Russia says it has formally linked its air defenses in Syria together with those of the government of Bashar Al Assad. The formal arrangement adds more complexity for the United States and its allies in the already complicated conflict.

This could potentially limit the U.S. military’s ability to support its local partners like ISIS, increases the risk of a dangerous confrontation, and just add yet another layer to an ever more complex situation on the ground.

Chief of Staff and Deputy Commander of the Russian Aerospace Forces Major-General Sergey Meshcheryakov made the announcement during a press round table at the Army International-Military Technical Forum, according to state-run media outlet TASS.

The event at the Patriot Expocentre in the Moscow Region is an annual military trade show and this year also includes a pavilion dedicated to the Kremlin’s intervention in Syria.

Today, a unified integrated air defense system has been set up in Syria,” Meshcheryakov said. “We have ensured the information and technical interlinkage of the Russian and Syrian air reconnaissance systems.

All information on the situation in the air comes from Syrian radar stations to the control points of the Russian force grouping.

Russia’s air defense assets in Syria include S-300 and S-400 long-range surface-to-air missiles, as well as Pantsir-S1 short-to-medium range air defense systems.

The bulk of these weapons are situated at Hmeimim Air Base south of Latakia, which also hosts Moscow’s air contingent, including advanced Su-27SM3 Flanker and Su-35S Super Flanker fighter jets and Su-34 Fullback multi-role combat aircraft.

Meshcheryakov claims that his troops can hit targets nearly 250 miles away and at altitudes above 100,000 feet.

This maximum range theoretically gives Russia the ability to engage targets nearly anywhere in the country, as well as over neighboring Turkey and Lebanon.

When linked together with whatever additional radar coverage Assad’s forces might be able to provide, the systems present a significant threat to anyone flying over the country, including the U.S. military and its coalition partners.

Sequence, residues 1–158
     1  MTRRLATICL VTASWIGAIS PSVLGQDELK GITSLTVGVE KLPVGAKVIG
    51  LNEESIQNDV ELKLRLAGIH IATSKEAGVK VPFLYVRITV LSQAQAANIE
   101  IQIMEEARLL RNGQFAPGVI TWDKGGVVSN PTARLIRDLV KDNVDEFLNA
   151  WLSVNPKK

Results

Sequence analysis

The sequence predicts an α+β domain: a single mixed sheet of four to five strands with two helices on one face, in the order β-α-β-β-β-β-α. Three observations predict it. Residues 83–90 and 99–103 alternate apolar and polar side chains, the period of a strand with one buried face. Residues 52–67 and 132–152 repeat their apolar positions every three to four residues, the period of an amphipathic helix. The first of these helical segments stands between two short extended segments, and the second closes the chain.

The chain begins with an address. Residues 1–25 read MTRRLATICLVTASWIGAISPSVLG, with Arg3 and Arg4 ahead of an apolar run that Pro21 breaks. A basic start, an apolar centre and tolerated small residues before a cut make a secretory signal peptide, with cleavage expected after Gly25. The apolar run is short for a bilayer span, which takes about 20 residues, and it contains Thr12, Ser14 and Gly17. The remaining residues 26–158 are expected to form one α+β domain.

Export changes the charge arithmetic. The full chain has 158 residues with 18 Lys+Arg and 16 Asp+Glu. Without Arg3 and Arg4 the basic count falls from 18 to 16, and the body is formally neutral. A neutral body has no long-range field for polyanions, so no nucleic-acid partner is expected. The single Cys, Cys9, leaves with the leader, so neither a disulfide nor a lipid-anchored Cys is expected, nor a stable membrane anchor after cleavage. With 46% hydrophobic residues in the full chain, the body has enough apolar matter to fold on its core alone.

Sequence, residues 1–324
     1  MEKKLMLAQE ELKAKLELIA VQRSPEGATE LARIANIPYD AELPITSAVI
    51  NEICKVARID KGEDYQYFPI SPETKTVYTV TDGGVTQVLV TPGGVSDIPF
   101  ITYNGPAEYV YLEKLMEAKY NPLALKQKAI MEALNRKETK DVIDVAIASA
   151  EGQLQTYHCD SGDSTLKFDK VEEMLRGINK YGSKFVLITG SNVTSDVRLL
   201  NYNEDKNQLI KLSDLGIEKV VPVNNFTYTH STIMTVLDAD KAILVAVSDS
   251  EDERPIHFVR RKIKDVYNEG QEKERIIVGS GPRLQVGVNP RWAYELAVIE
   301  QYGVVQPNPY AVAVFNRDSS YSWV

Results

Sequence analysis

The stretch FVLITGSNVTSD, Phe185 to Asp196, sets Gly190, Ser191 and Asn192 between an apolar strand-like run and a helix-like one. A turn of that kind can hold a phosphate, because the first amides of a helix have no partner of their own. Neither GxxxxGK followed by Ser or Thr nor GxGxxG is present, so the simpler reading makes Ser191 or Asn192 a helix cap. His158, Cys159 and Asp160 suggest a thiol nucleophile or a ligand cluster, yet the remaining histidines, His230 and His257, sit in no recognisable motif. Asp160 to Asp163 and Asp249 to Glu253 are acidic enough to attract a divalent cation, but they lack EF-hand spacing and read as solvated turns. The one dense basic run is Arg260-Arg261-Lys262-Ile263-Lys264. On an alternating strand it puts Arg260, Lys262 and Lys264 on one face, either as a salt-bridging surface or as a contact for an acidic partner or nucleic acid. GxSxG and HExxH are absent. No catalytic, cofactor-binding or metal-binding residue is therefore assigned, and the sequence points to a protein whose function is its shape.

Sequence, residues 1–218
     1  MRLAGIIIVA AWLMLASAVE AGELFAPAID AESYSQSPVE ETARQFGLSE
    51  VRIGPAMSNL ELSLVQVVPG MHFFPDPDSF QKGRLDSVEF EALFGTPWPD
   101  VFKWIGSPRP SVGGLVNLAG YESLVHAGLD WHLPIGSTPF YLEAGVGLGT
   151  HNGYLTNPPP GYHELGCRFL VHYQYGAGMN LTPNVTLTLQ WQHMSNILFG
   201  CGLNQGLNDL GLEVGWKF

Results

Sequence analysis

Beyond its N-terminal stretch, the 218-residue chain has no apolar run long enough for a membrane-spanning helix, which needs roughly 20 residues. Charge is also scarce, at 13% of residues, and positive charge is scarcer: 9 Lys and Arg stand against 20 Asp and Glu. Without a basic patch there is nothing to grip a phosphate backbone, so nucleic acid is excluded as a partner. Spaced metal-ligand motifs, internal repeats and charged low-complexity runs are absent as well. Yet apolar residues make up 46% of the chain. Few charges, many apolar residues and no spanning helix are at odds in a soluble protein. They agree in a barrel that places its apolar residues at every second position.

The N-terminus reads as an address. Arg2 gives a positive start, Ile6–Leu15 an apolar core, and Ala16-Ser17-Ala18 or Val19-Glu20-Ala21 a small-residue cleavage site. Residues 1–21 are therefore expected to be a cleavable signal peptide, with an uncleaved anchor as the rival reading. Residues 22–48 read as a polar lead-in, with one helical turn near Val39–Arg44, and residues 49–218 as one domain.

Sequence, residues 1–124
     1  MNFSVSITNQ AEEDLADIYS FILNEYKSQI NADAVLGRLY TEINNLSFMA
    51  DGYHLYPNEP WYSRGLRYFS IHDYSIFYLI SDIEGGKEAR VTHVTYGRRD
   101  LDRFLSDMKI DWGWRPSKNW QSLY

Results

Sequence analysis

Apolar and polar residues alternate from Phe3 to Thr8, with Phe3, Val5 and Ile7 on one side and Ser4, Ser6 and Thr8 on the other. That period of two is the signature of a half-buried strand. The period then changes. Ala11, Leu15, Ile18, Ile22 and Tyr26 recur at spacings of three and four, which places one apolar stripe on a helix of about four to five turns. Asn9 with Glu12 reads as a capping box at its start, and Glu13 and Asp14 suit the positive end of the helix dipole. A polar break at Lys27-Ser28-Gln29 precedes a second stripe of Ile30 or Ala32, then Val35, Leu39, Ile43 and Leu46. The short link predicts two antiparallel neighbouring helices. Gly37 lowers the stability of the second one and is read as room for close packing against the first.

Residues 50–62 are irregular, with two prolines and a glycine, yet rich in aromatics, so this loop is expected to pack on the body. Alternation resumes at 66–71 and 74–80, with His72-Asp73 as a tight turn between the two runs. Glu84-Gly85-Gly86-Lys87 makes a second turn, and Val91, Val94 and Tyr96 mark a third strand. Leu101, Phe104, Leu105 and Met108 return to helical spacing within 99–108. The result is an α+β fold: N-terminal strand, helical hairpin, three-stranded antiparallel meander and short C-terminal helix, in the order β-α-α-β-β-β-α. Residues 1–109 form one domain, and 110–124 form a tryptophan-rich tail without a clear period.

At the Army-2017 expo, the Syrian operations pavilion had a display that suggested the short-range Pantsir-S1s had already been very active in the country, possibly even engaging American or other coalition drones.

One of these anti-aircraft weapons reportedly knocked down an RQ-21A “Integrator” near their naval base at Tartus. Also known as the Blackjack, this system is in service with U.S. special operations forces.

Now that the Russians are connected directly to their Syrian counterparts, the presence of their air defense assets can only give the American-led coalition additional pause when planning operations in the country against terrorists in Syria.

It adds new possibilities for a confrontation between U.S.-supported forces, or the U.S. military itself, to rapidly escalate into an even more dangerous situation, too.

Already this year, American multi-role combat aircraft have shot down two Iranian drones and a Syrian Arab Air Force Su-22 ground attack aircraft that were menacing U.S.-supported Syrian groups.

This highlighted the increasing danger U.S. troops faced while operating in close proximity to the Syrians and their allies, who are openly hostile, at least rhetorically, to their very presence in the country.

The Kremlin has also pushed to set up “de-escalation zones,” together with Iran and Turkey, which that benefit their collective interests.

The United States has already agreed to support some portion of these ceasefire deals in southwestern Syria, along the borders with Israel, Jordan, and Lebanon.

Needless to say, the situation in Syria is complex and often fluid. However, the Russians and the Syrians seem to be intent on making sure that American involvement in the country stays is limited and ends as soon as possible.

The Drive. com / ABC Flash Point News 2020.

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Booby Trap
Booby Trap
25-04-20 15:34

Now in 2020, the situation has become more explosive, after the US military ignored to leave the Syrian oil fields near Deir-Ezzor.